‘Ansel Adams: A Photographer’s Evolution’ in Cincinnati
This summer, the Taft Museum of Art showcases a career-spanning collection of Ansel Adams’ work.
Tamera Muente has hiked California’s Yosemite National Park, driven scenic highway U.S 84 through New Mexico and stood at the base of Denali — the highest peak in North America. All are places renowned 20th-century photographer Ansel Adams captured in a body of work that highlights the beauty of our nation’s natural spaces and continues to inspire to this day.
“When I’ve been at these breathtaking places, I’ve witnessed people like me setting up their tripods and cameras in the precise spot where Adams made his iconic photos in an attempt to re-create the scene he shot,” says Muente, associate curator at Cincinnati’s Taft Museum of Art. “But when you get your photos home and look at them, you think, These pictures capture what the place looked like, but they don’t capture my experience there. When you study an Ansel Adams photo, it’s not about what the scene looks like, it’s about what the scene feels like.”
From June 23 through Sept. 16, Cincinnati’s Taft Museum of Art presents “Ansel Adams: A Photographer’s Evolution,” a retrospective showcasing the black-and-white images that have become indelibly linked with the American wilderness. Spanning 52 works, the exhibition traces the evolution of Adams’ magnificent style, beginning with rare early scenes from the 1920s and progressing to later prints he made shortly before his death in 1984 at age 82.
“His photos of the national parks are so heroic, they shout ‘America the Beautiful,’ ” says Andrea G. Stillman, author of Looking at Ansel Adams: The Photographs and the Man. “They make such a statement about patriotism and love of America.”
Stillman, who was Adams’ personal assistant from 1974 until 1980, recalls that her former boss’s passion for the outdoors and his desire to protect America’s wilderness was a driving force in his life.
“Ansel would write at least one letter every day to a member of Congress, the editor of a major newspaper or the President of the United States encouraging protection of the environment. It was profoundly important to him,” she says.
An only child born in San Francisco in 1902, Adams taught himself to play the piano and had aspirations of becoming a concert pianist. But a trip to Yosemite National Park with his parents in 1916 — Kodak No. 1 Box Brownie camera in hand — changed that focus. In Ansel Adams: An Autobiography, published posthumously in 1985, the photographer lauds the permanent bond he forged with nature.
“How different my life would have been if it were not for the early hikes in the Sierra — if I had not experienced that memorable first trip to Yosemite — if I had not been raised by the ocean — if, if, if! Everything I have done or felt has been in some way influenced by the impact of the Natural Scene,” the photographer wrote. “… And always that cool dawn wind that I believe to be the prime benediction of the Sierra. These qualities to which I still deeply respond were distilled into my pictures over the decades. I knew my destiny when I first experienced Yosemite.”
Although photography is now a celebrated form of artistic expression, it was once considered scientific experimentation. To gain acceptance as an artist, Adams infused his early work with romantic touches reminiscent of the popular charcoal drawings of the day, a technique that’s evident in 1925’s “El Capitan, Yosemite Valley.”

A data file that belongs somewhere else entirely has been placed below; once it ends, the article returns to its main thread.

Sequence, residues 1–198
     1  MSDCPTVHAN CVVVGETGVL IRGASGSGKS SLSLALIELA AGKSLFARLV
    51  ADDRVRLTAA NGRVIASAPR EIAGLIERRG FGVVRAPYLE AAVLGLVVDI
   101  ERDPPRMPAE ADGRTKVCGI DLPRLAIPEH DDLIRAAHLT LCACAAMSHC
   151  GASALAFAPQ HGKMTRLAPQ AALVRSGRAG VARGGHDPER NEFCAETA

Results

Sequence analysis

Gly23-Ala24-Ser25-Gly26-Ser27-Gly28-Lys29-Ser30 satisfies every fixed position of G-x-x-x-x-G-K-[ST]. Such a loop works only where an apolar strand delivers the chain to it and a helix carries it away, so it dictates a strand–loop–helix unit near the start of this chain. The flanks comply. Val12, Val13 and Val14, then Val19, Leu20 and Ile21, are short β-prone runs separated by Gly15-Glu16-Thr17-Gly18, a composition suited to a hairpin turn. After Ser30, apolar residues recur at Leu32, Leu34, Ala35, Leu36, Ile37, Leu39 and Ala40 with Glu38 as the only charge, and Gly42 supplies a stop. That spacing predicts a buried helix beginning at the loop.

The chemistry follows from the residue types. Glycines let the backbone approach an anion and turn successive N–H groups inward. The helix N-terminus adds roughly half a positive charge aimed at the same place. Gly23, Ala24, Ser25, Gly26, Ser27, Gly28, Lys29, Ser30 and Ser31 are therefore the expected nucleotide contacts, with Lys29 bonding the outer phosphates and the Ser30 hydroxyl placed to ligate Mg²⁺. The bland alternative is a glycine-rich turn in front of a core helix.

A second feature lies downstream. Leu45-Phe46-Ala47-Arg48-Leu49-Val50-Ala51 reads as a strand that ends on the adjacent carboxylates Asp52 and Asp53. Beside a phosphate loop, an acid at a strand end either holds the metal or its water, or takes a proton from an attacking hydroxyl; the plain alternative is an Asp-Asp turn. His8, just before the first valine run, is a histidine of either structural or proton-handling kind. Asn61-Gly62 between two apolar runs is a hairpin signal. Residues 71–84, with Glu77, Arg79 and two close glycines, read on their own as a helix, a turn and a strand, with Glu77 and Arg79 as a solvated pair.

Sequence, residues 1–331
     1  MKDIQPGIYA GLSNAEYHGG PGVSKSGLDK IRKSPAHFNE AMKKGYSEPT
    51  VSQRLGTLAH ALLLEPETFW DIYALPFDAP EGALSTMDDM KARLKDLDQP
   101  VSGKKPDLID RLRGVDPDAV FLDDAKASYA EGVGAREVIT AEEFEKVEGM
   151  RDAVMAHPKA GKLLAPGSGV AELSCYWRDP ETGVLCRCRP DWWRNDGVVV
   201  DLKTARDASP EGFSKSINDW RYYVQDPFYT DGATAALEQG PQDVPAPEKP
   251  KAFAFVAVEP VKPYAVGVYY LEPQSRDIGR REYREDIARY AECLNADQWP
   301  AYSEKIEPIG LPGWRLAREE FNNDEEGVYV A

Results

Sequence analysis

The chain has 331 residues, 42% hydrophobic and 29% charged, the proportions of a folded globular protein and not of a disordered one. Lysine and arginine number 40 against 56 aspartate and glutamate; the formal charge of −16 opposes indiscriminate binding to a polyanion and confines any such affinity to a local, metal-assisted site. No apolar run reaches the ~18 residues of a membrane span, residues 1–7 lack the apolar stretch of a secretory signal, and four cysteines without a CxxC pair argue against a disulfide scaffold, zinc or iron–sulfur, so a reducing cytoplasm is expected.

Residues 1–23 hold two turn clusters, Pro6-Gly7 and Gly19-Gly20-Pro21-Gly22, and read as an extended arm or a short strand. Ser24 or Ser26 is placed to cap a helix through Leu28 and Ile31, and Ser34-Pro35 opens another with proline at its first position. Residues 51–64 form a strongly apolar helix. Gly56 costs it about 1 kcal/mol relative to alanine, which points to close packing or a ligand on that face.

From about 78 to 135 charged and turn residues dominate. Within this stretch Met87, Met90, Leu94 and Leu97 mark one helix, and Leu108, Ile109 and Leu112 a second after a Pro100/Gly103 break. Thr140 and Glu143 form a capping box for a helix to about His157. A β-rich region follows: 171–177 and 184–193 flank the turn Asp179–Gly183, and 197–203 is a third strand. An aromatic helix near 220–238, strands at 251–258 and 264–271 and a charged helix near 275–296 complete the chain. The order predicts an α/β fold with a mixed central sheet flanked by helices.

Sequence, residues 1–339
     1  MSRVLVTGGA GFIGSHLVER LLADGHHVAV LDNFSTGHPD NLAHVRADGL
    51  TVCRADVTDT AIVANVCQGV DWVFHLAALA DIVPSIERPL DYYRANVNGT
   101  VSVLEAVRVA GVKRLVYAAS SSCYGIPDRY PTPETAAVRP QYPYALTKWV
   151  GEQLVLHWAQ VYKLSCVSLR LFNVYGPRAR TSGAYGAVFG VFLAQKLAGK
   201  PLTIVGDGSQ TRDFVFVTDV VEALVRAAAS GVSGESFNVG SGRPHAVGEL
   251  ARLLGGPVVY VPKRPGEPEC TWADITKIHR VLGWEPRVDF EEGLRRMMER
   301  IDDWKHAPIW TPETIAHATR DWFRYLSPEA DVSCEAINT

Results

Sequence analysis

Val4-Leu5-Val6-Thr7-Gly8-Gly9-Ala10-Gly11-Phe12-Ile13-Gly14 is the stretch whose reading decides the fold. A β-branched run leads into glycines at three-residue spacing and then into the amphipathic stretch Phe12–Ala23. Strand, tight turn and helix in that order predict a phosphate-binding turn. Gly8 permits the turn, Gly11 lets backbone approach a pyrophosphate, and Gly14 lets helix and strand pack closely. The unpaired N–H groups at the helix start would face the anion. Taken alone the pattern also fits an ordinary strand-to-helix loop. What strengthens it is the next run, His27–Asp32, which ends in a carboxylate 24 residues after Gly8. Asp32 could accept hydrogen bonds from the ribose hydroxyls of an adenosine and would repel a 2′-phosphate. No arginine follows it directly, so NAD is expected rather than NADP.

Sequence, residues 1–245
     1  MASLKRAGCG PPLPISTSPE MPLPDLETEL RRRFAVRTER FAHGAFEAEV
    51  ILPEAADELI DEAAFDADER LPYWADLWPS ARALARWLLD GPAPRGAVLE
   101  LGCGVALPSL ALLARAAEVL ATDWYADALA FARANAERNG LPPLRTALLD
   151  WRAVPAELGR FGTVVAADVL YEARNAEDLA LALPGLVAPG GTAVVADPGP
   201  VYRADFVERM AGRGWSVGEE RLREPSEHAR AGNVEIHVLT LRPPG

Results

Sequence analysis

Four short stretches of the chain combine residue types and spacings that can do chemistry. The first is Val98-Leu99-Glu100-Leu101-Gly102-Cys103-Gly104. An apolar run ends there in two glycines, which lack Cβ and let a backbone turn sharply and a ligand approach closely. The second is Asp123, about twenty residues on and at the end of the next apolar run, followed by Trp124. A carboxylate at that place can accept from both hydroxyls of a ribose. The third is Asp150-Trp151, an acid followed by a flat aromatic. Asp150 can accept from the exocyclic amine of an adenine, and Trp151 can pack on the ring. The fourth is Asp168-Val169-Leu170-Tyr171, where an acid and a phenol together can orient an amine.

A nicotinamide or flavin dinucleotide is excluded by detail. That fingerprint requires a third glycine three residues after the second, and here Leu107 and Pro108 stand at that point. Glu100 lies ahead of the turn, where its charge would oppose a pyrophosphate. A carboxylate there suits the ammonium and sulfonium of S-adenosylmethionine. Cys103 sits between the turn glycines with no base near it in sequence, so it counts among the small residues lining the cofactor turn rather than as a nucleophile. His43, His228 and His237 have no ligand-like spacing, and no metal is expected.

“Unlike Adams’ later photographs, this one is more traditional in its composition,” Muente says. “It has a soft focus with blurred lines and edges. The reflection of the trees in the river makes it look like a 19th-century landscape painting.”
By 1932, Adams had become friends with Edward Weston, a pioneer in black-and-white photography characterized by sharp focus and rich detail, and the duo, along with five other photographers, founded Group f/64. Named after the small aperture setting on a large-format camera, which allows for a great depth of field, the organization promoted an aesthetic based on precisely exposed images of natural forms and found objects.
“Ansel felt that taking a great photograph was only half of the process,” Stillman says. “The other half of his talent occurred in the darkroom. He was a master printer and through dodging and burning could make any print sing.”
Muente marvels at “Moonrise, Hernandez, New Mexico.” The 1941 print depicts the moon rising in a black sky above a collection of modest dwellings that include a church and a cross-filled graveyard with snow-covered mountains in the background. Adams captured the image just as the remaining seconds of sunset bathed the scene.
“He was a genius in really getting across that initial dramatic experience when the light hit those crosses,” she says. “Adams had what amounted to a split second to take that photograph.”
The play of light and shadow also dominates “Denali and Wonder Lake, Denali National Park, Alaska.”
“I made what I visualized as an inevitable image,” Adams wrote in his autobiography. “The scale of this great mountain is hard to believe — the camera and I were 30 miles from [the base].”
The 1947 photograph showcases a 1:30 a.m. sunrise illuminating the mountain in a glow that stands in sharp contrast to the dark edges of the shoreline.
“For me, these photographs remind me of the way I feel when I visit America’s wild places — of being so small and insignificant compared to the forces of nature,” Muente says. “It’s a very powerful emotion.”
Taft Museum of Art
316 Pike St., Cincinnati 45202, 513/241-0343, taftmuseum.org
Hours: Wed.–Fri. 11 a.m.–4 p.m., Sat.–Sun. 11 a.m.–5 p.m.
Admission: Adults $10 in advance, $12 at the door; seniors $8 in advance, $10 at the door; children 18 and under free; Sunday free for all